Tuesday, May 01, 2007

Raglan Castle - The Great Tower (Part 2)

When I visited Raglan Castle in April, I took so many photo's that I thought I might share some more with you, this time more focused on the Great Keep. The view of it in the photo above was taken while I walked around the castle from a grassy embankment. You can get some idea of the scale of this structure as there is a person to the left of the keep who is dwarfed by it somewhat.

As I explained in my last post, the castle was begun by Sir William ap Thomas, a veteran of the French wars, who grew wealthy through exploiting his position as a local agent of the Duke of York in south-east Wales. He began building the Great Tower in 1435 but he was never to see it completed, as ap Thomas died in 1445. The building work was continued by his son, William, who took the surname Herbert, and it subsequently became known as the Yellow Tower of Gwent. You may not be able to tell in these photos but the tower is constructed from sandstone that has a yellow tinge, hence the name. The keep is an unusual hexagonal plan which is clearly shown in the footprint of the floor as shown in the photo above. It is also surrounded by a water-filled moat as seen in the next photo.

The tower has it's own apron wall with small towers, the tops of which have been destroyed. I was intrigued however, to find a doorway in one of these towers leading down to the water (last and next photos). This was patently used to gain access to the moat, and could have been used for a number of reasons, the most mundane of which would be maintenance.

This massive tower was designed as a place of last resort in the first half of the 15th century and its gradual additions made it virtually impregnable. Much more of the original tower would be visible today were it not for the "slighting" by the parliamentarian forces after the siege of Raglan Castle in 1646. When Raglan was surrendered near the end of the Civil War, a decision was made to demolish the Tower completely. Men were set to work with pickaxes in an attempt to destroy it from the top. This failed, however and two sides were undermined until these partially collapsed. The impressive remains still stand - testimony to the great building skills of the day. The photo below really illustrates how thick the tower walls are, and shows where gap where the undermined walls once stood.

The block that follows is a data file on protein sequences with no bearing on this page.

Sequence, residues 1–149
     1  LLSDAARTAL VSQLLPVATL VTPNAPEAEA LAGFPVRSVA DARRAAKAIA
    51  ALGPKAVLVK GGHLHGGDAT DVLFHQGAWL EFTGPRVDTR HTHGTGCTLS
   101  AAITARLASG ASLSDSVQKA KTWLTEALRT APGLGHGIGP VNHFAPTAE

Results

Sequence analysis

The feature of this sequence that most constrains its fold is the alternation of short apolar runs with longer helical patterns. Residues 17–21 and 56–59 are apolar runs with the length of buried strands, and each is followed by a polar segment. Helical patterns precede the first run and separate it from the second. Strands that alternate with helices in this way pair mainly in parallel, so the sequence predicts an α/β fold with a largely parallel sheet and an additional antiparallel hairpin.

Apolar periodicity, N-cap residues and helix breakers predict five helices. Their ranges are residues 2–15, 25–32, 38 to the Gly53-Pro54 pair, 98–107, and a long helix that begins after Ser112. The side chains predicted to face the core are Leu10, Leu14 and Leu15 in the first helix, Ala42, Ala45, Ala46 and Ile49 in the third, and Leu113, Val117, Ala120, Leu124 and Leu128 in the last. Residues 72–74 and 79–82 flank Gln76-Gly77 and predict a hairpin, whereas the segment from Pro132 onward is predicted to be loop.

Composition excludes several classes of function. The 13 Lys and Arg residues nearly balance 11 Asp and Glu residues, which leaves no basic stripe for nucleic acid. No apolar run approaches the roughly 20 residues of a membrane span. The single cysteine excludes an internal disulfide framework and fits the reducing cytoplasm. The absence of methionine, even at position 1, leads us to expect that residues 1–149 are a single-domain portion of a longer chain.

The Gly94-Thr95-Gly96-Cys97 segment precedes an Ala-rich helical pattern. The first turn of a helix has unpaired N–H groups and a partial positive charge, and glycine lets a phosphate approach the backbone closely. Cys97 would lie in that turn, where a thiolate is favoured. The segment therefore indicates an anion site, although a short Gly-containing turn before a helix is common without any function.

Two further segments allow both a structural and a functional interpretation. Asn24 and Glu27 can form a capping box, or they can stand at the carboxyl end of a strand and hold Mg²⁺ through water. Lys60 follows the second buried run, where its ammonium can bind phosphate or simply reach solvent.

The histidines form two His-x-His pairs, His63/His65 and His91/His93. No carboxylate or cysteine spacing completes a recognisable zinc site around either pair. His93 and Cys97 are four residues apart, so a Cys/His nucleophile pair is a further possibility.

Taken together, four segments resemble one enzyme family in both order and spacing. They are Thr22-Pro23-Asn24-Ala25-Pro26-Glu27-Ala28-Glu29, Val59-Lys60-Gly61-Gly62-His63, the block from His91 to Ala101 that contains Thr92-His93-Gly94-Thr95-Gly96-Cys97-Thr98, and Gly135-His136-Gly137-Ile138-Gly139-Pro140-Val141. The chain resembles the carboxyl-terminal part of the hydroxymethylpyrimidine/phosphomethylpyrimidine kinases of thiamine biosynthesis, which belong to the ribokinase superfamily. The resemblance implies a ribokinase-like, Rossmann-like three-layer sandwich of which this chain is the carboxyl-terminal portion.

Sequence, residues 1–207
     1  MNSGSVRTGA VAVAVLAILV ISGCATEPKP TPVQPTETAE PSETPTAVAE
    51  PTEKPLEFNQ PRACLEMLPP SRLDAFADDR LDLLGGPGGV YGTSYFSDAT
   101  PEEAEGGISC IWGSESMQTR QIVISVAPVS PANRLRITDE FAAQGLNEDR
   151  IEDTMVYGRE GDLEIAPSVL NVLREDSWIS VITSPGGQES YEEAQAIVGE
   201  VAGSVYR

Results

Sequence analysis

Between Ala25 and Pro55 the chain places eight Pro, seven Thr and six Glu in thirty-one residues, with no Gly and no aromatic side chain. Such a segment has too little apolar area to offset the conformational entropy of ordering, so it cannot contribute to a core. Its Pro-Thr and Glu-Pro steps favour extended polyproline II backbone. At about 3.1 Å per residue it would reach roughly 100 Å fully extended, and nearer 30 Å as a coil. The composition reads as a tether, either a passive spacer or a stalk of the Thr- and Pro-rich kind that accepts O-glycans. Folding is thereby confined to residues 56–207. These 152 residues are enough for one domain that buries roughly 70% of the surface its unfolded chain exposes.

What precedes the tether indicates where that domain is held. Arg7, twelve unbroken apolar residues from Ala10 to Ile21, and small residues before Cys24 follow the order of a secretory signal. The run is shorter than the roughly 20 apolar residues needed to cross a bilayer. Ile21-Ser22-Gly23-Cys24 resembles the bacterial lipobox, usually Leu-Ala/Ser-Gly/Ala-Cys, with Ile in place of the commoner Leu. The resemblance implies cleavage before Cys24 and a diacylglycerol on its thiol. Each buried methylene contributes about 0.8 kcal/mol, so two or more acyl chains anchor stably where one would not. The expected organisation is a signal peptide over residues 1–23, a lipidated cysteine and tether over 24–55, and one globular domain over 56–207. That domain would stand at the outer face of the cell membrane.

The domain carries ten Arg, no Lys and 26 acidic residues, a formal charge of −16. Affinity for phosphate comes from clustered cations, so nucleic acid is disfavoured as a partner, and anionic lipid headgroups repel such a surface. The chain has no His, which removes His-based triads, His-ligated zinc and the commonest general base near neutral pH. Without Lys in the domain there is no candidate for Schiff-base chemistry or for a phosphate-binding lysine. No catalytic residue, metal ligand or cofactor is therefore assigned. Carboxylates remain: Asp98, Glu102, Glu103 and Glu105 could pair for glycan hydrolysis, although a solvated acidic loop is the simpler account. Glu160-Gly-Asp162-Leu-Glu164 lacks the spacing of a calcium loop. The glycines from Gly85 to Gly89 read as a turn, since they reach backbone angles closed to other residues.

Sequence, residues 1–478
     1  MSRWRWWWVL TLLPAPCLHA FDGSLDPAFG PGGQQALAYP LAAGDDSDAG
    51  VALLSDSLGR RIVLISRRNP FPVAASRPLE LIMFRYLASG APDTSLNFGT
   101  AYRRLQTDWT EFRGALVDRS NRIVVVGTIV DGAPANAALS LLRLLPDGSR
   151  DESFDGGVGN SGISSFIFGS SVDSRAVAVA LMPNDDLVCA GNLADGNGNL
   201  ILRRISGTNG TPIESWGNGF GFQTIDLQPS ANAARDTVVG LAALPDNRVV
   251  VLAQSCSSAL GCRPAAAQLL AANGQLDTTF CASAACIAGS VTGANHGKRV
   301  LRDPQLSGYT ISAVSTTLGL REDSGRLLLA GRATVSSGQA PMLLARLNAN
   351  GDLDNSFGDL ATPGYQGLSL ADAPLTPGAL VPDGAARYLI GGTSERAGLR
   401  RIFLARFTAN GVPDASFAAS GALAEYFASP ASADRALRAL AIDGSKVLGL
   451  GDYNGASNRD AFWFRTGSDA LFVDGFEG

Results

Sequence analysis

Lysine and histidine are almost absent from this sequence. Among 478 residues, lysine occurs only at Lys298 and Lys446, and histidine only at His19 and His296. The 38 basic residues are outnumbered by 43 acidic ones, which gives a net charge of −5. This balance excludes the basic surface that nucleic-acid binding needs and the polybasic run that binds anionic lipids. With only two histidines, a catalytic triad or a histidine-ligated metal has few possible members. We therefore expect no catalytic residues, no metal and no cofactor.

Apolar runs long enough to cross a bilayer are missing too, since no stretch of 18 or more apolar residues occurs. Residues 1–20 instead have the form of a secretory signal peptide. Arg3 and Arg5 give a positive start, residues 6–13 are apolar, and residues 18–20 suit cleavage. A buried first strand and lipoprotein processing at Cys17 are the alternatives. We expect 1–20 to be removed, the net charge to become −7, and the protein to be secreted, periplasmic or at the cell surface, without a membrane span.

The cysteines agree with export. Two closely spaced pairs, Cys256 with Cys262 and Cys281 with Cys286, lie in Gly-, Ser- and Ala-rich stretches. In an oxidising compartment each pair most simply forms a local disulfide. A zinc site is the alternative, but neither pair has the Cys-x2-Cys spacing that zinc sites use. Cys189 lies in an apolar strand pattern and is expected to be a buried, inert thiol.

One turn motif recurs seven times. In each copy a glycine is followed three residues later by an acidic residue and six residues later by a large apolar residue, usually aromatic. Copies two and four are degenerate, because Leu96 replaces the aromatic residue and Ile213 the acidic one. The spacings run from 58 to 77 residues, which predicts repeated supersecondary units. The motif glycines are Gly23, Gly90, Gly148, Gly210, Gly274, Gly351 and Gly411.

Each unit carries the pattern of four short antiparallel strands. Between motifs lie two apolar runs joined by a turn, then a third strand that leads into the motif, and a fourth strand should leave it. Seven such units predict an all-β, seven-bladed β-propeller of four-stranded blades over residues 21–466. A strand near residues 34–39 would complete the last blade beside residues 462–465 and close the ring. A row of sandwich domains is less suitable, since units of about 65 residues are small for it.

Interestingly, the castle started as a late medieval social statement, and ended as one of the strongest Royalist castles of the Civil War. It was not built specifically as a defence as the other great castles of Wales had been. Instead, it was designed mainly as a statement of wealth and influence. Within the Great Tower, there was a single large room to each floor, and the entire structure echoed the power and influence of its builder.


The floors and internal structure of the castle are now gone of course, but the main staircase still remains and visitors can climb the spiral to the top of the keep and are rewarded with a magnificent view of the rest of the castle and the Welsh countryside. The photo above shows the towers of the main gatehouse while the next photo shows the Fountain Court.

I had a really great time exploring the castle. As I was there in the morning there were very few other people around and the air seemed heavy with the passing of time and history. I would have loved to have seen it in it's full spendour - the walls would have been plastered, there would have been oak floors, ceilings and panelling, glazed windows, opulent furnishings (the castle even had it's own library which was destroyed in the seige - the loss of the books is recorded as a great historic loss), curtains, paintings and wall hangings. Today, you get a hint of it's past from the ruins. Raglan is one of my favourite castles and I really do recommend seeing it for yourself if you ever get the chance.



21 comments:

Ps said...

Reamrkably well maintained for a structure so old--Its still standing.
Imagine living there, in those times..So magical.Historical destinations always fascinate me.It is like a fairy tale that really happened.
A good write up and lovely photos, as usual.

kenju said...

I really enjoy your small histories and all the photos, Bob-kat. Thanks!

R. Sherman said...

Enjoyed the history.